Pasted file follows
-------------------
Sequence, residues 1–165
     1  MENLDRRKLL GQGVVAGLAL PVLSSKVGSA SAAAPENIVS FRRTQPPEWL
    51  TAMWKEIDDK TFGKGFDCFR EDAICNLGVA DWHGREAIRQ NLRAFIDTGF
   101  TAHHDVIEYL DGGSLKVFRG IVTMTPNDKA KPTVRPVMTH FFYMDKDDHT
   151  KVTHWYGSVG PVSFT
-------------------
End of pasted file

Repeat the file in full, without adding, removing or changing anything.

Sequence, residues 1–165
     1  MENLDRRKLL GQGVVAGLAL PVLSSKVGSA SAAAPENIVS FRRTQPPEWL
    51  TAMWKEIDDK TFGKGFDCFR EDAICNLGVA DWHGREAIRQ NLRAFIDTGF
   101  TAHHDVIEYL DGGSLKVFRG IVTMTPNDKA KPTVRPVMTH FFYMDKDDHT
   151  KVTHWYGSVG PVSFT